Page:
Nothing But My Body's narrator challenges middle-class assumptions about intent, desire, money as well as intelligence, as "Maddy" surprises clients with her knowledge of history (and her degree) and discussions during sex on things like GDP or medical tests and precautions. Lawless is not one for easy answers and that is because easy answers are not true or real - she pushes back against people's urge to neatly classify things as one thing but not another (such as the different shapes and forms of queerness or the inconsistent and impure workings of pleasure) bred from the impulse to facilitate their own more comfortable digesting and understanding of that which they cannot make sense of or which scares or threatens their stability or sense of self.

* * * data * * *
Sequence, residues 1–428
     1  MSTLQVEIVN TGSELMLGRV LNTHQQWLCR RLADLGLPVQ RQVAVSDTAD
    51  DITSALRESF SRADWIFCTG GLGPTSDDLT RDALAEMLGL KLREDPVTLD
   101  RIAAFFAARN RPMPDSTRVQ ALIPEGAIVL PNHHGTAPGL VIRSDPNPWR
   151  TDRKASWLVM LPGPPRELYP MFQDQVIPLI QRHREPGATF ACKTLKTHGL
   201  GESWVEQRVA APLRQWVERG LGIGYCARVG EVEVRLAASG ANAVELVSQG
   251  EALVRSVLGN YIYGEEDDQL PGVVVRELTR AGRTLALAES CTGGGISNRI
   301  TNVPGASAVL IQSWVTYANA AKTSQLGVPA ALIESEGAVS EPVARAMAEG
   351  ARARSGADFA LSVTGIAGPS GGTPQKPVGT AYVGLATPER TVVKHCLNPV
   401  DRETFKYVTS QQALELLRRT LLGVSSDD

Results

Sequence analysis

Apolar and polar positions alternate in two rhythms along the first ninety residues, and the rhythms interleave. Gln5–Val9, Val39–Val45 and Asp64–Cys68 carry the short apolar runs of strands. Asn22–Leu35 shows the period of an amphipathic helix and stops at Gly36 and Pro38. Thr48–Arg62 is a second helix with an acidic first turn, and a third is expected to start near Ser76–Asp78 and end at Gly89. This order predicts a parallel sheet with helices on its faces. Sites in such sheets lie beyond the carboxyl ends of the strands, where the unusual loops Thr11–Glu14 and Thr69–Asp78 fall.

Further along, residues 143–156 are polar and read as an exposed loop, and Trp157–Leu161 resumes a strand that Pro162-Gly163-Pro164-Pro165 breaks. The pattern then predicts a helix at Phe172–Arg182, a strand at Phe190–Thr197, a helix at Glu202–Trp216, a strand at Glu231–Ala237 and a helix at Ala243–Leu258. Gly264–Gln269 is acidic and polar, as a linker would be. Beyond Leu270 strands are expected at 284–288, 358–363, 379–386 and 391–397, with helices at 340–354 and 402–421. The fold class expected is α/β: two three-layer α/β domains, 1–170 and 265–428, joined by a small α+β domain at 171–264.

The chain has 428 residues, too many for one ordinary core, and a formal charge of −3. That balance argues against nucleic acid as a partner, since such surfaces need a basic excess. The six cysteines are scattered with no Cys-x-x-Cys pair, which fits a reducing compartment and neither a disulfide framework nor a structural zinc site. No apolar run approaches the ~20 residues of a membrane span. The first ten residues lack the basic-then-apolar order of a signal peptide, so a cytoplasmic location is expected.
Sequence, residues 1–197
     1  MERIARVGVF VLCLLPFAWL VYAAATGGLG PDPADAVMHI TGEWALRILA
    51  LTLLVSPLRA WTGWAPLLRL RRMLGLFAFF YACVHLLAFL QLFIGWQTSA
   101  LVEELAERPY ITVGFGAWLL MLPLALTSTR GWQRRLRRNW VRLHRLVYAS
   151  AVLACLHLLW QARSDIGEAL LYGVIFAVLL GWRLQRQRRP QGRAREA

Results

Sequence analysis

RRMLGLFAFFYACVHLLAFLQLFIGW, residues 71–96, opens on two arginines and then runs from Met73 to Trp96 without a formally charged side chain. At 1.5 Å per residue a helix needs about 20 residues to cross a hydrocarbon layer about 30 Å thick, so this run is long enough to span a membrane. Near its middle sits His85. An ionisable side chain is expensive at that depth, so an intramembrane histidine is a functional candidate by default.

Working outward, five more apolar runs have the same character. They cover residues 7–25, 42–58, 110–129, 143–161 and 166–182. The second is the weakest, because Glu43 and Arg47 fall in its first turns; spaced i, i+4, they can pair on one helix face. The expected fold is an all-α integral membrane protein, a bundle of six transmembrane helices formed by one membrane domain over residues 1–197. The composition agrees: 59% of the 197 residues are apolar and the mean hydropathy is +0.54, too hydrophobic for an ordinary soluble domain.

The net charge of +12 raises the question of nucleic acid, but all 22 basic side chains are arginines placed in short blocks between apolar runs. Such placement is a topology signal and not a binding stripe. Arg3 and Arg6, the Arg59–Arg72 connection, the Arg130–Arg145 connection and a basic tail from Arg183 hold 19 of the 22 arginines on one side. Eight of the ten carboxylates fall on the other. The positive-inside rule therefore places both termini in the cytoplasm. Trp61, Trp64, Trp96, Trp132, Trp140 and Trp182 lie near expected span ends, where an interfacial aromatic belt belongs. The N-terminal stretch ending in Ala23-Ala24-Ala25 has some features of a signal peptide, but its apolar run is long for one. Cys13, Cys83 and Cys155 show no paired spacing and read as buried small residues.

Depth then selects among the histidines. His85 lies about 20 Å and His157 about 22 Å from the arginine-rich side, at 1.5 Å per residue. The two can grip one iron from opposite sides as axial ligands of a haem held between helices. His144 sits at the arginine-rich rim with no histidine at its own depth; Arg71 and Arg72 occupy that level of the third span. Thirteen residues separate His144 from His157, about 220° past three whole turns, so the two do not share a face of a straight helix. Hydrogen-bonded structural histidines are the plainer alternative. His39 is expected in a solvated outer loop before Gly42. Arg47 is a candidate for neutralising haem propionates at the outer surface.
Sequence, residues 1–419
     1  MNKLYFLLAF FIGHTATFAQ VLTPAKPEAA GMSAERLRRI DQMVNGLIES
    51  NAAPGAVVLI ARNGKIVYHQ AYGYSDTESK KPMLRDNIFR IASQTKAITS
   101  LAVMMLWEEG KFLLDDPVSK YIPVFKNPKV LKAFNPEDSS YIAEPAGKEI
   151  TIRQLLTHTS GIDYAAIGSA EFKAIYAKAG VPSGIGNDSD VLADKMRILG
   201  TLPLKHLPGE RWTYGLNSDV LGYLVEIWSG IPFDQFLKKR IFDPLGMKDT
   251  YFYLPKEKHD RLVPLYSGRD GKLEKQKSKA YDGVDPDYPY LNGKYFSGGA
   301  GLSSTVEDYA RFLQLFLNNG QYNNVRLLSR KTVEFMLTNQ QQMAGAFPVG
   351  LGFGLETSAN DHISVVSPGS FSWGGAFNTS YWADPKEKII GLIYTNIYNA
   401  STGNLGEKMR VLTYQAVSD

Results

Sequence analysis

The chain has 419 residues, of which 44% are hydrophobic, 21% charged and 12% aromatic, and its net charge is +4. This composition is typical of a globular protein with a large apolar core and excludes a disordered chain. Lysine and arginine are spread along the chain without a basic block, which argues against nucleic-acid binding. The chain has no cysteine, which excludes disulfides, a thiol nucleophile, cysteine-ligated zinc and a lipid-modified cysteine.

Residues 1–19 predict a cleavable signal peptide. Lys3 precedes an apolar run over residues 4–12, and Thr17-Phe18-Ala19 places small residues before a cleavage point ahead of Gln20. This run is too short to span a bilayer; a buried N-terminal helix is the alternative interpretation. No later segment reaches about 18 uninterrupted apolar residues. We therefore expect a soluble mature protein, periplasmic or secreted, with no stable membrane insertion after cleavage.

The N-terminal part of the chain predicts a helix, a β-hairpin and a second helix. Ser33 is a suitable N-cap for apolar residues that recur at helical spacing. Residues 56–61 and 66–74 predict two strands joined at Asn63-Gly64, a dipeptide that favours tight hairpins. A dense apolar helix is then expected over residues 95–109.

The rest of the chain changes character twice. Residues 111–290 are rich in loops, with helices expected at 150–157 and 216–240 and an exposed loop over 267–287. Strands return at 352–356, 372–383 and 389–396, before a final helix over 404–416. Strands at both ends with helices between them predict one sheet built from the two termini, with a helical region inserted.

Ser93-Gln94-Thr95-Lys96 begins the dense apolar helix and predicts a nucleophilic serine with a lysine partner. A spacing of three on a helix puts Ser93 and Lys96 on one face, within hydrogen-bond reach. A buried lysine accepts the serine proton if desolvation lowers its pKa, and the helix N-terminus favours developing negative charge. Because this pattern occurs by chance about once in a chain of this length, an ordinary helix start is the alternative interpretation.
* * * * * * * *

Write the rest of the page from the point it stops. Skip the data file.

This book is at once so unfamiliar to me, both personally and geographically—the Australian landscapes, animals and wildfires entirely unavailable to me in my own experience, and not readily accessible in my imagination—and yet is incredibly relatable and tender. "Maddy's" sense of humanity and compassion for the people she encounters is felt throughout and she considers the hardships or experiences of her friends, other sex workers (and how their circumstances differ from her own, for example as an immigrant or older woman), and some of her clients, such as a man who spent years at a detention centre seeking asylum. Through her capacity for love and her ultimate resolve to live, even in the face of climate change, coronavirus, and personal sorrow, "Maddy", who wants to become a mother, finds cause for hope, again and again.